https://youtu.be/jzUFCQ-P1Zg?t=426 from this great BMW ad, I was curious if the helicopter being pulled by a car is even remotely possible?


Yes, in this instance it can

So the question here is: can the tractive force from the car overcome the lifting capacity of the helicopter?

The comments say the car is a BMW 540i, clearly it is a sedan model and it seems to be an automatic. The weight of that car is — according to BMW USA — 3847 lbs.

What tractive force can that achieve? On a dry surface, you can achieve a friction coefficient of up to 0.9 with car tires.

So the tractive force a BMW 540i can achieve should be around 1500 kg under ideal conditions.

I have not been able to definitively identify the make and model of the helicopter — and the registration number is clearly "borrowed" from another make and model of helicopter — though I suspect it is a Airbus H125/AS350 variant, possibly dressed up slightly to look better for the film.

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Airbus AS350

The useful load for the AS350 / H125 is about 2400 lbs, or 1100 kg.

This means that it is possible for the BMW to be overpowering the helicopter by several hundred kilograms. Add to that the confusion and chaos of the situation, along with the turbulence of being so close to the ground, and it is more than likely that suddenly gaining a 1.5 ton load on the helicopter will drag it down before the pilot can take approriate action, like detaching the sling assembly (if that is even possible).

What I want to know though is how the edge of the sun-roof survived pulling over a tonne — focused on that little hook — without buckling. ;-D

Spherical Cow considerations:

  • I am being unfair and assuming most favourable conditions for the car and least favourable conditions for the helicopter. This is not a fair fight.

  • I assume the car engine can overpower the car's own traction force (i.e. it can spin out)

  • I assume the driving wheels can take the entire weight. If we assume that this car has an all wheel drive (that option is available for the 540i) this assumption is plausible.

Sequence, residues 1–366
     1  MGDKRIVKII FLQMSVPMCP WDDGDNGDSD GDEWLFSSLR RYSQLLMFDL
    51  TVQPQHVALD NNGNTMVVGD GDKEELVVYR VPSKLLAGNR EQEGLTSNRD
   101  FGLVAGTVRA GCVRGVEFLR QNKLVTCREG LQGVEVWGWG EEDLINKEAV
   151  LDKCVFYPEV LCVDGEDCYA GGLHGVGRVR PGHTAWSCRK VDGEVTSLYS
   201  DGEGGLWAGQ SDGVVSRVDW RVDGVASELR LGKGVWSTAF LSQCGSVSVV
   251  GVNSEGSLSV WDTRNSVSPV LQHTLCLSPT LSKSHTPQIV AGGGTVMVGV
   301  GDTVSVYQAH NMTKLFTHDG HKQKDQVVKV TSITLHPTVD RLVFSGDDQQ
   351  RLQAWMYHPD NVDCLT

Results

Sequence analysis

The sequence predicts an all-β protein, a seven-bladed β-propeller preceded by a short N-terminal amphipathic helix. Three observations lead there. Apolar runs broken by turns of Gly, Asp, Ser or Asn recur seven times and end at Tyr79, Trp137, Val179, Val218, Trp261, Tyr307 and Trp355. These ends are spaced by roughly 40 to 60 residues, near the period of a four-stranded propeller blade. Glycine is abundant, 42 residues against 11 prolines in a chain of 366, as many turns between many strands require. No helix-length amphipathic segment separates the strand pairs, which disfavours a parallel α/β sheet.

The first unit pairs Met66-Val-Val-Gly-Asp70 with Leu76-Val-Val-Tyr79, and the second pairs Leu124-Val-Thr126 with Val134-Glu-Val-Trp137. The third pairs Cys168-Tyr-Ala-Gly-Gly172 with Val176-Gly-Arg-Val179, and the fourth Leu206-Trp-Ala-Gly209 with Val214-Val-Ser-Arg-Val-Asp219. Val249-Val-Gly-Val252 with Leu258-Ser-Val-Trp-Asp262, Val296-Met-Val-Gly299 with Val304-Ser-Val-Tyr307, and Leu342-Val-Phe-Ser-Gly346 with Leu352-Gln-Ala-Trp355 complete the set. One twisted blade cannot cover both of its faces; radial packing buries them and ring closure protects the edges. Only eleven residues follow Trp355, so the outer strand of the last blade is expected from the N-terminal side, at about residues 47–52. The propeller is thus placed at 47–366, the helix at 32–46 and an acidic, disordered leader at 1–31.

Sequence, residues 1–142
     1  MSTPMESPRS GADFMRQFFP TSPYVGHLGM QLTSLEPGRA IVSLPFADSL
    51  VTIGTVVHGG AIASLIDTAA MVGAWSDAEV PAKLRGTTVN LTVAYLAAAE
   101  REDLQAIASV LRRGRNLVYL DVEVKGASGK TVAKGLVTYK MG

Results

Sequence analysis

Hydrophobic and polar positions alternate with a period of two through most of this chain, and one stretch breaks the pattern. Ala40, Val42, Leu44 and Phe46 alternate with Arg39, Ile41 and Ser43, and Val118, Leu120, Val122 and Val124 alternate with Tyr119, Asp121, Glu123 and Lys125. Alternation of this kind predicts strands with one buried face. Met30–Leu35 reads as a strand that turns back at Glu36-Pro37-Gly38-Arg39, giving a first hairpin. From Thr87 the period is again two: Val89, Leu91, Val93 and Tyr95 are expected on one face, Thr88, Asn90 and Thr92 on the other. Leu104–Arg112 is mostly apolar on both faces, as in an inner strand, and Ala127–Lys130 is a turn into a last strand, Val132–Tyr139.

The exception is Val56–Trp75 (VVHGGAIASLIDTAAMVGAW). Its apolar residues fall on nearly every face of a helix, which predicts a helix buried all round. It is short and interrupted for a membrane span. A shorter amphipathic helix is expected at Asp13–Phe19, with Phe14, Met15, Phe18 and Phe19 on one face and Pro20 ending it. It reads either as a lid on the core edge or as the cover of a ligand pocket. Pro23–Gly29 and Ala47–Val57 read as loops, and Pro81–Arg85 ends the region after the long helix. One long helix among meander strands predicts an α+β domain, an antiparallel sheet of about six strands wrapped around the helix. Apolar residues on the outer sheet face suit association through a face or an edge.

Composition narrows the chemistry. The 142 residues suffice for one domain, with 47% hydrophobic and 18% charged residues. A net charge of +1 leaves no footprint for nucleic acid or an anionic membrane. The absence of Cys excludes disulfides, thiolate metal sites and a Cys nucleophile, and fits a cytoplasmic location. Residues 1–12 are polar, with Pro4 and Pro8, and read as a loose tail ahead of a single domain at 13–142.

• I assume that the angles of the cable in relation to the lifting force/traction force are small enough to make the resulting component forces remain within relevant intervals. And since a deviation as large as 30 degrees still keeps 87% of the lift/traction, I assume this is the case here. Do note that the car is at an advantage here since - if it starts tilting - its weight adds to the composite force on the cable, while for the helicopter any deviation puts it at a disadvantage, since it need to start tilting to not be pulled sideways (which in the film contributes to the crash), which in turn decreases the lifting force it has available to counter gravity.

  • I have not included the weight of fuel and passengers in the car, which would give the car further advantage.

Another approach

Why they would want to hook the car to the helicopter is a mystery to me because that helicopter cannot lift that car. The helicopter's lifting capacity is short by about 1500 lbs / 675 kg.

Now assume that they have gotten to a standoff. The helicopter is hovering at full power. The car is standing still directly under it. The weight on the wheels is 675 kg, and with a friction coefficient of slightly less than 0.5, this still means a possible traction force of 300 kg / 3000 N.

At this point the driver steps on the gas. If the helicopter intends to remain stationary, it must start tilting to counter the sideways force that the car is exerting on the wire. But that means the lifting force is diminished. This relieves the car of lift and more weight is put on the wheels. This means the car can exert an even larger sideways force. The helicopter must tilt more. Less lift is put on the car... and so forth.

The helicopter has entered into a version of a dynamic rollover.

Examples of dynamic rollover.

So unless the pilot intends to crash really quickly, they must follow the car obediently. The car is now driving around with a helicopter, like a balloon on a string!

So in short: this scene makes no sense because — unless the helicopter can lift the car in its entirety — a car can always either drag it down or, force it to follow.

  • 1
    $\begingroup$ Wow, this was really helpful! Thanks a lot Michael. $\endgroup$
    – aaaakshat
    Jan 17 '18 at 9:46

If the car weighs more than the helicopter can lift then, obviously yes. Whether that's true depends on the car and the helicopter. For instance the Bell 505 Jet Ranger X has a maximum payload of well under a tonne: if you were willing to push it beyond what is safe and you were very light it might be able to lift a light sportscar (for instance Lotus Sevens can weigh half a tonne). But it's not going to lift a big SUV, anywhere near. On the other hand Chinooks have (depending on model) maximum payloads of over ten tonnes: perhaps there are cars which they can't lift, but they are probably armoured cars.


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